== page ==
(fossil fish on the left)
I had a very good week. We started out with RAIN! Beautiful rain, two days of rain falling straight down. The ground just swallowed it up! Everything looks greener. Then a friend from college days (we both agreed that was 100 years ago) came from Minneapolis to visit me. I don’t get much company so that was really an honor that she would take the time to do that. We traveled together years ago to Hawaii, Europe and the Pacific Northwest, but since then have had our lives to live. She was a history major in college as I was and she is single so we had much in common. That included politics. It was great to have some good solid conversations without having to bite my tongue. We watched the final episode of The Vietnam War and remembered that time in our lives and how we were affected back home.
We both remembered the institution of the draft. Numbers were drawn out and assigned to birthdays. I lived in the girls’ dorm and I remember the cries and the tears as the birthdays of boy friends were drawn. It was an emotional time. She remembered the next morning the guys meeting on campus on sharing what their draft number was. It changed many lives, sometimes permanently. We agreed we are not over it yet. A friend died in June of Hep C and complications from Agent Orange he contracted while in Viet Nam. Forty years later another casualty.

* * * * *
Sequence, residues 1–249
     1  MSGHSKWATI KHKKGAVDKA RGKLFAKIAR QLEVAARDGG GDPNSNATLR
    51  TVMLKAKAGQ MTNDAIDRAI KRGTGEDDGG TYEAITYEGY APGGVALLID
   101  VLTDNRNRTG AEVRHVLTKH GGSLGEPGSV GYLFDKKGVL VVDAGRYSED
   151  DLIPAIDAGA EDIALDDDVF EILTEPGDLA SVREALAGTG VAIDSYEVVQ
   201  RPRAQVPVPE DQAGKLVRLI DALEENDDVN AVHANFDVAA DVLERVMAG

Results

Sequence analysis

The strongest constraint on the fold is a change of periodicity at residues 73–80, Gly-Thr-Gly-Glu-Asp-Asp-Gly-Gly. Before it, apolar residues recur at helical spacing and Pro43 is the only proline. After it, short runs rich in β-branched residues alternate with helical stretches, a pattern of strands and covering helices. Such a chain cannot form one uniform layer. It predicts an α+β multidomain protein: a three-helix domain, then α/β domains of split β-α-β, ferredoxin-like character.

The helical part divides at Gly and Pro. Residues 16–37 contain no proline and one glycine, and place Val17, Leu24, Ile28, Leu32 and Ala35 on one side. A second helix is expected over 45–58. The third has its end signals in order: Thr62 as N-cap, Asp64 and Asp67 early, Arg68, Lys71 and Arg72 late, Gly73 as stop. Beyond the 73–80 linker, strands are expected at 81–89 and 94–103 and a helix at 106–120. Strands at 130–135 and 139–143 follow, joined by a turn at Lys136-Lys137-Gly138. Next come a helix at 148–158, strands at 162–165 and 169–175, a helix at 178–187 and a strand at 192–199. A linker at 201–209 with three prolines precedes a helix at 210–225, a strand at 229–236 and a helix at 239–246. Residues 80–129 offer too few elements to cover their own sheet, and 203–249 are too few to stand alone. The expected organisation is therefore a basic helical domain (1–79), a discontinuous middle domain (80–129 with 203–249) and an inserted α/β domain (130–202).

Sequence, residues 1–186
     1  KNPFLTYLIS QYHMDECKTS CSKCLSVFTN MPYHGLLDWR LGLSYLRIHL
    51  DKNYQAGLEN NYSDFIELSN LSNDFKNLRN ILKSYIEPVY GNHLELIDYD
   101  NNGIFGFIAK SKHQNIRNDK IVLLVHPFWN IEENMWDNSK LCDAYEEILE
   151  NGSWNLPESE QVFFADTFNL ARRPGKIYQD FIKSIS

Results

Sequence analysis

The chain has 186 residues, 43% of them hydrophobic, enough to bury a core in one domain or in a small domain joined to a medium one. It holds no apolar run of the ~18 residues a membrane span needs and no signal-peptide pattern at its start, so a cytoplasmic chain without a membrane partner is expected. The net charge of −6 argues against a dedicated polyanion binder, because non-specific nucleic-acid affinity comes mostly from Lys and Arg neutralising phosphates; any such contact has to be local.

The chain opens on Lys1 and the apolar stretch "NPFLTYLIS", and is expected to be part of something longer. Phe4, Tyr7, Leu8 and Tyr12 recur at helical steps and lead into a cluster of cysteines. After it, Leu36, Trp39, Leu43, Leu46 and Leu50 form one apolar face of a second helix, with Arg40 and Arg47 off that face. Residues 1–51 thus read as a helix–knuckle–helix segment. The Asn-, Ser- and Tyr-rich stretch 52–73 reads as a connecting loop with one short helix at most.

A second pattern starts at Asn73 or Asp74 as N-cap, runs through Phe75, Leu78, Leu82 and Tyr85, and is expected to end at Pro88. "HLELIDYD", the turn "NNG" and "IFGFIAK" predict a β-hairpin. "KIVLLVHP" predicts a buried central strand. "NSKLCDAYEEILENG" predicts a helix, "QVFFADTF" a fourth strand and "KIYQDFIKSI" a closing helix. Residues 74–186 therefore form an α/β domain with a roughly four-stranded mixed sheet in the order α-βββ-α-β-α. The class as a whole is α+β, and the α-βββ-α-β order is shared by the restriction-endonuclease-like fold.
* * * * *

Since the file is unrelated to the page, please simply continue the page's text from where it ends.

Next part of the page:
I had to deliver some prayer shawls from the church at Savage to a pastor in Wolf Point for her work with Native Americans, so it was a good opportunity for us to be out on a brilliant Indian summer day. From Savage MT we headed north to Fairview, then turned and crossed the Yellowstone to Fort Union and Fort Buford in North Dakota. Union is an old fur trading post of the American Fur Trading Company. It was established about 1831. Ft. Buford came later as soldiers were protecting settlers in the area and rounding up Indians for the reservations. Sitting Bull, the great Sioux chief, turned himself in in 1881 at Ft. Buford. Nearby is the confluence of the Yellowstone and Missouri Rivers, the arteries of transportation in the early West and for Lewis and Clark. The steamboat FAR WEST came up the Yellowstone and then traveled down the Missouri to Ft. Abraham Lincoln with the news of the massacre at the Little Big Horn. All of this activity came right past Glendive which makes the history of the community a real hub of the Great Plains.
From there we traveled on Highway 2 across the Fort Peck Indian Reservation to Wolf Point where we delivered our shawls and then proceeded on to Fort Peck. Fort Peck was the largest earthen dam in the United States, built as a WPA project during the Great Depression. We visited their interpretive center which is fascinating and a great place to bring children — displays of prairie animals — wolf, Grizzly, etc. Water displays with live fish swimming — walleye among them. And fossils galore. Just as Glendive is on the Dinosaur Trail, so is the area around Fort Peck. They discovered a complete T Rex in the vicinity and also had fossils on display from the area. Very impressive. The trip home included dinner in Circle at Around the Town. We were really hungry by that time.
Thursday I took her through Makoshika Park. We walked, took pictures, visited and just enjoyed another beautiful day. For a thank you gift she gave me two books by Minneapolis author William Kent Krueger. I had just finished his newest book Ordinary Grace and had really enjoyed it. It was so funny she picked those. I am ready to read more of his work.
She is now on her way home and today is catch-up day.
The fall weather couldn’t be more gorgeous. Some rain this week-end we are told. Bring it on!!!